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article imageIs airplane sewage spreading antibiotic-resistant microbes?

By Tim Sandle     Dec 26, 2019 in Science
Examining sewage from five airports, microbiologists have found that 90 percent of 187 E. coli isolated were resistant to at least one antibiotic.
The data suggests that sewage from airplanes could be a major source of antimicrobial resistance, higher than other comparable areas. The data shows not only the presence of microbes with resistance to antimicrobials but also the genes that confer drug resistance.
This is based on an assessment of five German airports, (where around 90 percent isolates of Escherichia coli tested were found to be resistant to at least one antibiotic). These data can be contrasted with bacteria isolated from German wastewater treatment plants, where the antimicrobial resistance rates was found to be between 45 and 60 percent.
Furthermore, E. coli from airplane sewage was found to be more likely to be resistant to three or more antibiotics, compared with the examination of watewater. Bacterial contamination in water is typically measured using indicator organisms, notably Escherichia coli and Enterococci. The risk from sewage and waterwater is the transmission of antimicrobial resistant genes into the wider environment, spreading resistance further.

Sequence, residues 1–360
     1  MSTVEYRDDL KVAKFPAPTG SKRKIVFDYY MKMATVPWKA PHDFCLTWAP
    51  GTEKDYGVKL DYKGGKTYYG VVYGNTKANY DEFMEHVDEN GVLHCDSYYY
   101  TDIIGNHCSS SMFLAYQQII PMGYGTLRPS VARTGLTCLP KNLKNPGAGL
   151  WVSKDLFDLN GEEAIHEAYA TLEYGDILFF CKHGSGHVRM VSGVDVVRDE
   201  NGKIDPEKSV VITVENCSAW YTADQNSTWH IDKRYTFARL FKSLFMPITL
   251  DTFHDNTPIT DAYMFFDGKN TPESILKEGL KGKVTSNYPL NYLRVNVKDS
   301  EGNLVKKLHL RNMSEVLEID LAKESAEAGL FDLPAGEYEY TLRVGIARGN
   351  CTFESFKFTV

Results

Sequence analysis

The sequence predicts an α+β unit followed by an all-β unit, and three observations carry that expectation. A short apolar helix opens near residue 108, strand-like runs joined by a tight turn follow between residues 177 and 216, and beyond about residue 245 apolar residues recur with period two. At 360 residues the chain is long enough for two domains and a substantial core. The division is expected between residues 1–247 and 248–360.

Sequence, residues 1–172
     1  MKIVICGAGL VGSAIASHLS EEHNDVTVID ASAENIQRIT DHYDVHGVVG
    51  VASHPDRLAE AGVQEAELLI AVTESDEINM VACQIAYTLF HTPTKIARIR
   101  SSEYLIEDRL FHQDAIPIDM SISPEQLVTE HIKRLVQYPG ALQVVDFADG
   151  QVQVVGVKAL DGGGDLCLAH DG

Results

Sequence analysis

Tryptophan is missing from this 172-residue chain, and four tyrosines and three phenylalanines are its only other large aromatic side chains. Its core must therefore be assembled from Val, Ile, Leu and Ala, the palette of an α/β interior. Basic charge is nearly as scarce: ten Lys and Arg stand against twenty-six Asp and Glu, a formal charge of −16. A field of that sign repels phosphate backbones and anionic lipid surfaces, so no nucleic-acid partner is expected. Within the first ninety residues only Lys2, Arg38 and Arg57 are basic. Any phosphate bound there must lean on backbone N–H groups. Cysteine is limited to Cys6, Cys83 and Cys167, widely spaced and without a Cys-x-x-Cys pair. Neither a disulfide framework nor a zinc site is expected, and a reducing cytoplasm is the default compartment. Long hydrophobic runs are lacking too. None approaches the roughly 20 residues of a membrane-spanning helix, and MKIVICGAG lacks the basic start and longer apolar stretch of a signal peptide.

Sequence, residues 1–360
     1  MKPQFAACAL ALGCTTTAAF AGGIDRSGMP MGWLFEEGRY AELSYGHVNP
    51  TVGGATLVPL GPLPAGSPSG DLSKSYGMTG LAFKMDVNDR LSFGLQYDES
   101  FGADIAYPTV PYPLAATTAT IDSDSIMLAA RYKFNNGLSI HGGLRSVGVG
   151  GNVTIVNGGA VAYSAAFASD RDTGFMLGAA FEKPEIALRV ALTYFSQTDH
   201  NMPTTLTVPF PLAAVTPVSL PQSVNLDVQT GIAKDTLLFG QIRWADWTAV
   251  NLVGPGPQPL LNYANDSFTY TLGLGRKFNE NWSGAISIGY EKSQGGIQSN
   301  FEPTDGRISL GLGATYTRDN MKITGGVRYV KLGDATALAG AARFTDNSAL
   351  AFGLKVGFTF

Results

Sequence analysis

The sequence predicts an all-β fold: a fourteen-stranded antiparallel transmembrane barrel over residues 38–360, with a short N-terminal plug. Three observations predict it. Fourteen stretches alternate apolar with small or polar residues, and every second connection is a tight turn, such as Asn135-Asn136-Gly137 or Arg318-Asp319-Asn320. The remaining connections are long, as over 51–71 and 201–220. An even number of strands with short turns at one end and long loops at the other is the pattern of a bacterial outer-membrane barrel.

Antimicrobial resistance describes the ability of a microorganism to resist the action of antimicrobial drugs, and it is an issue of major global importance impacting on the ability of medical facilities to treat bacterial infections that were once more straightforward to tackle.
The experimental findings are published in the journal Environmental Science & Technology. The research paper is titled "Sewage from Airplanes Exhibits High Abundance and Diversity of Antibiotic Resistance Genes."
Commenting on the study, scientist Amy Pruden tells Science News: “This is really important work. You read it, and you think, ‘somebody should have done this sooner.’”
More about Microbiology, Antimicrobial, Sewage, Infection
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